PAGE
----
Mr Cube was Tate & Lyle’s aggressive response to the Labour government’s pledge of April 1949 to nationalise the sugar-refining industry. Capable of an endless variety of facial expressions and simple enough to be easily printed, he spouted speech-bubble slogans such as “State control will make a hole in your pocket and my packet”, “Leave it to private enterprise” and “If they juggle with sugar they’ll juggle with your shopping basket”. The message was always the same: under nationalisation there would be less choice, sugar would cost more and the quality would decline.

The Attlee government had already founded the National Health Service and nationalised the coal and steel industries. But Mr Cube’s campaign helped to crystallise a growing popular mood against state controls. In these years of rationing and austerity, sugar had become a symbol of the sweet things in life that, four years after the end of the war, people now thought of as their due. (Sugar was one of the last items to come off the ration, in September 1953.)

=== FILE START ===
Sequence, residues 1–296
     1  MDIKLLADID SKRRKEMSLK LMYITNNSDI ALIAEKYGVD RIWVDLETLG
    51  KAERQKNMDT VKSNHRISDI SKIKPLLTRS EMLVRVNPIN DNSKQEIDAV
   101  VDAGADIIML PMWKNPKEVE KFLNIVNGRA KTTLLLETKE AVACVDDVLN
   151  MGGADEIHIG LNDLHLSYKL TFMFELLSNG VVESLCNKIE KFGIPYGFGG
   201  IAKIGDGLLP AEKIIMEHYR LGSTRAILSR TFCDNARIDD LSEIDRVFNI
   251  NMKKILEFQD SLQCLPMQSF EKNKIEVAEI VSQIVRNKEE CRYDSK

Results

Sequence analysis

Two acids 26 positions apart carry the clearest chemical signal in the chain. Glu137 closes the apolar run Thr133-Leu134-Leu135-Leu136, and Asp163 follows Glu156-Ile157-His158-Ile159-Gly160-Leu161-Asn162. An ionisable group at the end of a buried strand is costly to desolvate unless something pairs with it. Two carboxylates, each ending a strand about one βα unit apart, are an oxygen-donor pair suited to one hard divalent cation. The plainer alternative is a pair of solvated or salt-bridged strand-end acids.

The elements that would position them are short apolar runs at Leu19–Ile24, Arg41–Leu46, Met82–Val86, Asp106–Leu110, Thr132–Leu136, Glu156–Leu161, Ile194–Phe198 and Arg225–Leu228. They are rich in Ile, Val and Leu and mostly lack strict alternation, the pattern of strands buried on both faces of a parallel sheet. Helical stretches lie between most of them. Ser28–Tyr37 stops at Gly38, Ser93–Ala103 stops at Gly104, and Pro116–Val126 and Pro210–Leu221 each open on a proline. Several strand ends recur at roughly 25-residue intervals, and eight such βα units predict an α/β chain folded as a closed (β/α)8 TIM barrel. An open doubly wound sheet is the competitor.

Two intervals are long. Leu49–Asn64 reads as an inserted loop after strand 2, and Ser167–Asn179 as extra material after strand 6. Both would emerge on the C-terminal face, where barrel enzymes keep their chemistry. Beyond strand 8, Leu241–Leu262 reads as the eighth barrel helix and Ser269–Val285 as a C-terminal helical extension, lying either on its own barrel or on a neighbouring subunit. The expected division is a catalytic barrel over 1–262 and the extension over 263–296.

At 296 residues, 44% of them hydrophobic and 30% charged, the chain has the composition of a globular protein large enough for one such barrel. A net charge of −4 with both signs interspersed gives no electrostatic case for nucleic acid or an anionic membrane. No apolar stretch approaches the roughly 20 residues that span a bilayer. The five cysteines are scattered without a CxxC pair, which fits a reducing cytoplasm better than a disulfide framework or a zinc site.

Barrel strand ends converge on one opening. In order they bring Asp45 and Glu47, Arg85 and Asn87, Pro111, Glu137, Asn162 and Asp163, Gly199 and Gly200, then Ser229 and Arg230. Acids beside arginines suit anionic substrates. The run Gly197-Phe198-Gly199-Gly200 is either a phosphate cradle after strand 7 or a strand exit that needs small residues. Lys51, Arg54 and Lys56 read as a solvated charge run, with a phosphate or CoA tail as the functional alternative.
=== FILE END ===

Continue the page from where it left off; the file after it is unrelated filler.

One newspaper cartoonist depicted the 1950 general election as a bicycle race between Clement Attlee and Winston Churchill, with Attlee hampered by Mr Cube clinging to his coat tails. Although Labour narrowly won this election, the Tories defeated them in October 1951 and were to remain in power for the next 13 years. The threat of further nationalisation was over and Mr Cube retired, his work done.

Mundane quote for the day: ‘The true counterstroke against the office machine, however, is the world vibrant with colour. The world not as it is, but as it appears in popular hits. A world every last corner of which is cleansed, as though with a vacuum cleaner, of the dust of everyday existence.’ – Siegfried Kracauer

Thursday, 4 March 2010

Unbroken Britain